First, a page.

I currently lead the marketplace engineering team at Transfix in New York City. We're focused on building the best freight marketplace for shippers and carriers in the US.
Previously I've built and lead engineering teams at LinkedIn.
I'm passionate about the intersection of management and software engineering and continue to focus my growth in both dimensions. Outside of work, I enjoy playing and designing tabletop games and making craft cocktails.
Some engineering teams can struggle to communicate at the right times in the software/product design cycle or fail to gather feedback at the appropriate level of detail. This can result in churn during the specification phase or missed expectations in QA or delivery, not to mention interpersonal frustration for individual team members. Your team may suffer from this problem if you hear or experience any of the following (exaggerated for effect):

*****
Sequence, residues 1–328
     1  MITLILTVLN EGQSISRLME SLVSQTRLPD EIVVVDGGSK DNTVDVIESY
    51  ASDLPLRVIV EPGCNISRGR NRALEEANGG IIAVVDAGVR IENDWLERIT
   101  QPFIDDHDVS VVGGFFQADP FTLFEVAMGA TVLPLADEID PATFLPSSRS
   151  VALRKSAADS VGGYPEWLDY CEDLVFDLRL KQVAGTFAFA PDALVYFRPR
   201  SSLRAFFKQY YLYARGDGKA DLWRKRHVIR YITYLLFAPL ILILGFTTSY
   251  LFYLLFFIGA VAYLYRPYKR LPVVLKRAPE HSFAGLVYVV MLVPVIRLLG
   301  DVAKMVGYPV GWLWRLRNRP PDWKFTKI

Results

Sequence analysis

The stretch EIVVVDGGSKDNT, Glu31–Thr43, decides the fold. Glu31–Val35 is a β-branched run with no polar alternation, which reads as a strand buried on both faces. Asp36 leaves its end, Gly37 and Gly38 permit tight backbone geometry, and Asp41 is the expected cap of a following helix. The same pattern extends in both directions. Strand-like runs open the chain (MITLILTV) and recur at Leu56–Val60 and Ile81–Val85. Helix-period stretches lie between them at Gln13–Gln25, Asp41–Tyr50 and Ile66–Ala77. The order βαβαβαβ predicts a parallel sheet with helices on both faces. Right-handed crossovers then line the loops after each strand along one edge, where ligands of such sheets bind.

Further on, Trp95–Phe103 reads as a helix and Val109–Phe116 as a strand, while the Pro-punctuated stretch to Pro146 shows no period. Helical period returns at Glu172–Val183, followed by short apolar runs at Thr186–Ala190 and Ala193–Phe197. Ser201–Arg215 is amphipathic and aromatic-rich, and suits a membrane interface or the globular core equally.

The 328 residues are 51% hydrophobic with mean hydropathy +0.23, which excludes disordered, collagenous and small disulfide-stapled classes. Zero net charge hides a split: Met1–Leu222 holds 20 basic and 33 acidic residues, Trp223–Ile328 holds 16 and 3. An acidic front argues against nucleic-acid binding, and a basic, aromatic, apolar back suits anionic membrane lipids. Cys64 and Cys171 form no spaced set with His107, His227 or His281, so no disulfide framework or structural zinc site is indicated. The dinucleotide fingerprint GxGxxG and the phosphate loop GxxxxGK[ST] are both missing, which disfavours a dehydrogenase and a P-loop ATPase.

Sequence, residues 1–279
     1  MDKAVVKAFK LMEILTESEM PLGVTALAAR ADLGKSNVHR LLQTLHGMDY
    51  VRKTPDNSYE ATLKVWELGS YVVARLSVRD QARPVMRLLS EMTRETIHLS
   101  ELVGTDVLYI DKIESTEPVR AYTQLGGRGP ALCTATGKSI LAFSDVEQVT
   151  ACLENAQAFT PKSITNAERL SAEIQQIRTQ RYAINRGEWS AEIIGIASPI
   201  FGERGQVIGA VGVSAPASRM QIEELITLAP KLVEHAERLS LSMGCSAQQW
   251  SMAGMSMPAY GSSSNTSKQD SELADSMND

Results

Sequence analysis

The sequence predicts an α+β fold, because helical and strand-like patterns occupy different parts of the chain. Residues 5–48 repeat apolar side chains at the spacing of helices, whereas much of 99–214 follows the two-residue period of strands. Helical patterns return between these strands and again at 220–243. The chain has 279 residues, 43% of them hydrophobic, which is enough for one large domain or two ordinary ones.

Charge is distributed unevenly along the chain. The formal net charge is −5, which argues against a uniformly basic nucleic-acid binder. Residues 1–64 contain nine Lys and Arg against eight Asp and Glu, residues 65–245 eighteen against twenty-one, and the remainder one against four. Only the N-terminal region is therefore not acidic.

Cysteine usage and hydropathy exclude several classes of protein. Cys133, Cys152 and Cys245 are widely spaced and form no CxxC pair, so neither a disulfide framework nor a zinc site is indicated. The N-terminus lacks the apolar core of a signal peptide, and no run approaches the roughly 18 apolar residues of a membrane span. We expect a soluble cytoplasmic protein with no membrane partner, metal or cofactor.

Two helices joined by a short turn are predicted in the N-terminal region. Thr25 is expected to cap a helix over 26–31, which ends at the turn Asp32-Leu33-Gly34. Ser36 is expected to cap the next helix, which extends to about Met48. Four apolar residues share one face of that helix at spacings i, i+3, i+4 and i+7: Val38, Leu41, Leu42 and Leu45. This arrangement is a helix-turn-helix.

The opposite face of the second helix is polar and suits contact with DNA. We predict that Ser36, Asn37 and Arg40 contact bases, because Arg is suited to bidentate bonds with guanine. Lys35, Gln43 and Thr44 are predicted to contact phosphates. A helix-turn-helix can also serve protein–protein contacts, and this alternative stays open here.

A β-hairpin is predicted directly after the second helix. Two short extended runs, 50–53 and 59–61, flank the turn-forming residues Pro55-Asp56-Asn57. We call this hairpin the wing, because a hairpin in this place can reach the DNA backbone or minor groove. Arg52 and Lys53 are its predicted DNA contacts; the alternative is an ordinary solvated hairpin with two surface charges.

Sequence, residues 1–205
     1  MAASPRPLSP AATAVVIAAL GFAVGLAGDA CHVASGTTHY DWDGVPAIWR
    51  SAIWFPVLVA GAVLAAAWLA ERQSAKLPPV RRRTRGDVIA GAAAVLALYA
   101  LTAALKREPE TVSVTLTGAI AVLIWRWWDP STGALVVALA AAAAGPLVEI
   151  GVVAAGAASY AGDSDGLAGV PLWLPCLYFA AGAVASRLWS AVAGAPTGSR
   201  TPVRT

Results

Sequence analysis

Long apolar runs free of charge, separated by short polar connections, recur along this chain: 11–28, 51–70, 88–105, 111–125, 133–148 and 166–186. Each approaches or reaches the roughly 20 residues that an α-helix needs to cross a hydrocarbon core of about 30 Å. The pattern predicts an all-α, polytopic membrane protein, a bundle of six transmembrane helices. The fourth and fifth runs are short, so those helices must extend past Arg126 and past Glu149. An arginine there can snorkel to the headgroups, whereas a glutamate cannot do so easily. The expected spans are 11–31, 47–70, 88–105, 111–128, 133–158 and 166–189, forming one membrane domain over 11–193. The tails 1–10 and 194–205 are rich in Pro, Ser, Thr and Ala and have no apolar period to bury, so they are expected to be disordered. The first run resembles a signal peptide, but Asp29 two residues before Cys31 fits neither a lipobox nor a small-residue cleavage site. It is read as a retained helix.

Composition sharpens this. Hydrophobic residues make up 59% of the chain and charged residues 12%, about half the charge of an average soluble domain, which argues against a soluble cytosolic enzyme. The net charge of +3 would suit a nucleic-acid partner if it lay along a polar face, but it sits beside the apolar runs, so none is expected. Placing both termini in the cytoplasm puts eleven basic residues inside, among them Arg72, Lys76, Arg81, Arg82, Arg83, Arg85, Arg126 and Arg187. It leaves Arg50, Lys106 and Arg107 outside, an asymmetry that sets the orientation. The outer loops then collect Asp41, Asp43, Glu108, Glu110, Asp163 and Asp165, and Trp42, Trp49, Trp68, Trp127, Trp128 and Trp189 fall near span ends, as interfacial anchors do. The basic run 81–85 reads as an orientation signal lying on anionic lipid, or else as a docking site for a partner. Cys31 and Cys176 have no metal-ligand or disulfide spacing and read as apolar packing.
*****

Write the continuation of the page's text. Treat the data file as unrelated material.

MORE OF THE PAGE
As a player, my experience of a game is influenced heavily by the structure of the rulebook. I’m currently working on designing my own game, so I have an increased interest in how to write clear instructions and help my players have the best experience. After
extensive researchplaying many games, I’ve found that the most comprehensible and accessible rulebooks follow concepts detailed by Barbara Minto in her 1987 book: The Pyramid Principle: Logic in Writing and Thinking.